UNITED NATIONS, Feb 18, 2010 (IPS) - The statistics relating to the world's socially and economically-distressed women are staggering.
According to the U.N. Population Fund (UNFPA), more than 8,000 women were raped by warring factions in the Democratic Republic of Congo (DRC) last year while over three million young girls are at risk of undergoing female genital mutilation (FGM) worldwide.
The U.N. Development Programme (UNDP) estimates that out of nearly 1,000 sexual abuse and over 1,500 domestic violence cases reported in Sierra Leone last year, there wasn't a single conviction.
"By the end of her lifespan, nearly all Sierra Leonean women will suffer some form of sexual or gender-based violence," says UNDP's deputy country director Samuel Harbor.
At the same time, nearly 250,000 child soldiers have been recruited in various conflicts worldwide, with girls at particular risk of becoming sex slaves, says the U.N. children's agency UNICEF.
Secretary-General Ban Ki-moon complains that 30 years after the Convention on the Elimination of All Forms of Discrimination Against Women (CEDAW), "Women and girls are still suffering from the scourge."
"Violence against women and girls is found in all countries," he says, pointing an accusing finger at all 192 U.N. member states.
All of these issues - and more - will come up before the 45-member Commission on the Status of Women (CSW), the U.N.'s primary policy-making body on gender-related issues, at its two-week-long meeting in New York.
The meeting, scheduled to take place Mar. 1-12, is billed as one of the largest single gatherings of human rights activists, relating specifically to rights of women.
A primary focus of the meeting will be the successes and failures of the Platform for Action adopted in 1995 at the Fourth World Conference on Women in Beijing.
The wide-ranging plan provided a global policy framework for women's human rights, gender equality and empowerment of women.
It covered 12 critical areas of concern, including poverty; education and training; health; violence against women; armed conflict; the economy; power and decision-making; institutional mechanism; human rights; media; the environment; and the girl child.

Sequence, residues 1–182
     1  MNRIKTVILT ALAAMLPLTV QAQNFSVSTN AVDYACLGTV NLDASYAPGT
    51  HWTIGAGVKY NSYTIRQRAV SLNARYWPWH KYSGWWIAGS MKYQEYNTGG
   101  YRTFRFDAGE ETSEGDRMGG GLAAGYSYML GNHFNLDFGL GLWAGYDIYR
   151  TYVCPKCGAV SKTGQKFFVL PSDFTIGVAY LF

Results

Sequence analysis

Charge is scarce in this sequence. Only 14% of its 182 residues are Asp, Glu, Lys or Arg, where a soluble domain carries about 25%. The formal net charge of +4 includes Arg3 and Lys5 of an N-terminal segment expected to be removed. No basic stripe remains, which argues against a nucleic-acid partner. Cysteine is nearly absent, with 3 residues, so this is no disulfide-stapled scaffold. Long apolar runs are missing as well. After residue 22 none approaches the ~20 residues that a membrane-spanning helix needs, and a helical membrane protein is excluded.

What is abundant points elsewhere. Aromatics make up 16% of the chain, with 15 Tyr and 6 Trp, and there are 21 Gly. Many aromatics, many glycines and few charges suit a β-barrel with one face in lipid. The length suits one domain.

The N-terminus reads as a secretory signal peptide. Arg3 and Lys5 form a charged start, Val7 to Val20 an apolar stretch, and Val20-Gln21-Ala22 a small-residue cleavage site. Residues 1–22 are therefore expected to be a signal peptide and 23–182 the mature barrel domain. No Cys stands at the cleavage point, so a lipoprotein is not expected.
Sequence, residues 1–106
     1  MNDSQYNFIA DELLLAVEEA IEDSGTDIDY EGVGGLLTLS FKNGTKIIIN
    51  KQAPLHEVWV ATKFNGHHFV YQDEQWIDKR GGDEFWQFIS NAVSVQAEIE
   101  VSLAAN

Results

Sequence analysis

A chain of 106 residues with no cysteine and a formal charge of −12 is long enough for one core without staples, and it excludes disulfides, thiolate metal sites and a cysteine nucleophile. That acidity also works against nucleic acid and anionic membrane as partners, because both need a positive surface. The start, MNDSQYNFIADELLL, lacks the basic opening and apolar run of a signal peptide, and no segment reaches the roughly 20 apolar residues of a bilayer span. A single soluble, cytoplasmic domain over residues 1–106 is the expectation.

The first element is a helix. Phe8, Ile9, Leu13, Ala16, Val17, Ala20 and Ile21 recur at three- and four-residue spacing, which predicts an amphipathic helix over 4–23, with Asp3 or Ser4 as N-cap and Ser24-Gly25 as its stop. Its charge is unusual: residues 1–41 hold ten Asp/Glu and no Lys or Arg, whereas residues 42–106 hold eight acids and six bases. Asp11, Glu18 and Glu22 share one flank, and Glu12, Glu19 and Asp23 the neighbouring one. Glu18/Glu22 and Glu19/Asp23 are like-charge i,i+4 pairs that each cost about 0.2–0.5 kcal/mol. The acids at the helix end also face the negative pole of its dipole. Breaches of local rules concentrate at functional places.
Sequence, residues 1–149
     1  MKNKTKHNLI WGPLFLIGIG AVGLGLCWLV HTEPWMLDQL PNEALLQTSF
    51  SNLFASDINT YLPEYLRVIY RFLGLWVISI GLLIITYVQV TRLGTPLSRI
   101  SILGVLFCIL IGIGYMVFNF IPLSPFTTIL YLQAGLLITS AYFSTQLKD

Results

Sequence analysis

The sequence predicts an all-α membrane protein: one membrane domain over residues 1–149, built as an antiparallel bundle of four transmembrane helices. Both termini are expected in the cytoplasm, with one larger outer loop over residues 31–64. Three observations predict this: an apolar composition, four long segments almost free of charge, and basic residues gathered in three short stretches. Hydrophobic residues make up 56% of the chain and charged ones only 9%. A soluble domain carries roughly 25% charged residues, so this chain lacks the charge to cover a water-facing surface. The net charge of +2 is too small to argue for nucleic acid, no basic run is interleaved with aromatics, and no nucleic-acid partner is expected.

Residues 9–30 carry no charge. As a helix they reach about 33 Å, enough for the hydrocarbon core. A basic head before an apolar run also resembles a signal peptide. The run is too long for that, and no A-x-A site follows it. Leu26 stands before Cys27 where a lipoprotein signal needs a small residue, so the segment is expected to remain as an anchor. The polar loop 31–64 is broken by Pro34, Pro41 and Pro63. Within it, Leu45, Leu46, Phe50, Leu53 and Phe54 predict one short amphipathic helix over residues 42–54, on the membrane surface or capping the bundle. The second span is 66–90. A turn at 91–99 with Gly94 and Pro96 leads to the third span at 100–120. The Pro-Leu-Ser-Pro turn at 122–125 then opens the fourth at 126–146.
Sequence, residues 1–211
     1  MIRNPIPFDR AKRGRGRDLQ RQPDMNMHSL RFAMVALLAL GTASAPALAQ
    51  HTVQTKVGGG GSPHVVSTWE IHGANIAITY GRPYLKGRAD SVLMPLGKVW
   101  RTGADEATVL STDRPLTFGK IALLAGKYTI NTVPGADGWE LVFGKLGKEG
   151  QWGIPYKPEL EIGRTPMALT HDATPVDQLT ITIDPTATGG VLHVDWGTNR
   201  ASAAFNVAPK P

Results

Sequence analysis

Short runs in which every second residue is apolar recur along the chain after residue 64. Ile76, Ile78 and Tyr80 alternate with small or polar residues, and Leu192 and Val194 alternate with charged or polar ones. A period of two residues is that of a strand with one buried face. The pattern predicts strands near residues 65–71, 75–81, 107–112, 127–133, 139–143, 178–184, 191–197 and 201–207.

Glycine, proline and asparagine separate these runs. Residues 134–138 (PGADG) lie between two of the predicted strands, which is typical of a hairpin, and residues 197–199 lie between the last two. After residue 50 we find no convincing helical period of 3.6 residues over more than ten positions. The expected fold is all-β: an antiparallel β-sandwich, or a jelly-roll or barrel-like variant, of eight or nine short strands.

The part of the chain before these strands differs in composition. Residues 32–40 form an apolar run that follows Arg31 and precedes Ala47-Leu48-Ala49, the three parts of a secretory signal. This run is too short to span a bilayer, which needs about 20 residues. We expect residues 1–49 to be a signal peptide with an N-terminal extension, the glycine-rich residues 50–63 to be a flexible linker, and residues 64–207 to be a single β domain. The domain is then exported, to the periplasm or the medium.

The Millennium Development Goals (MDGs), adopted at a U.N. summit in 2000, reiterated gender equality and the empowerment of women as effective ways to fight poverty, hunger and disease, and also to stimulate sustainable development.
Marianne Mollmann, advocacy director of the Women's Rights Division at Human Rights Watch (HRW), told IPS that unfortunately "there is no strong U.N. body charged with the implementation" of the Beijing Platform for Action.
She said that member states have been "dragging their feet" over a proposal to set up a new gender entity, although there have been rumours that an announcement will be made about the creation of such a body during the CSW sessions.
Mollmann said HRW has been focusing primarily on the need for a new U.N. gender architecture. "It's a structural issue," she said.
Without such a structure, she argued, there is a lack of accountability on the implementation of the Beijing Platform for Action.
Meanwhile, a high-level round table meeting, with participation by government ministers and senior U.N. officials, will be held during the CSW sessions.
A paper that will be up for discussion at this meeting points out there have been marked increases in hunger in all of the world's major regions, and more than one billion people are now estimated to be undernourished.
"Women are more likely to be undernourished than men as they tend to have disproportionate access to food, especially when it is scarce," it said.
Despite shrinking estimates of the number of girls out of school, girls continue to account for the majority of children out of school, and women remain a majority of those who are classified as illiterates.
The paper also says that access to labour markets and to decent work remains particularly limited for women, with a large share of women in vulnerable employment.
And every year, an estimated 210 million women suffer from life-threatening complications of pregnancy, often leading to serious disability, and a further half a million women die in pregnancy or at or shortly after child birth - and nearly all of them in developing countries.
The paper also says that multiple global crises, including the economic and financial crisis, the food and energy crises and the challenge of climate change, have had an adverse impact on the achievement of internationally-agreed development goals, including the MDGs.
"It is, therefore, an opportune time to rethink and modify policy approaches, strategies and actions to ensure a more equitable, gender-sensitive and sustainable pattern of growth and development."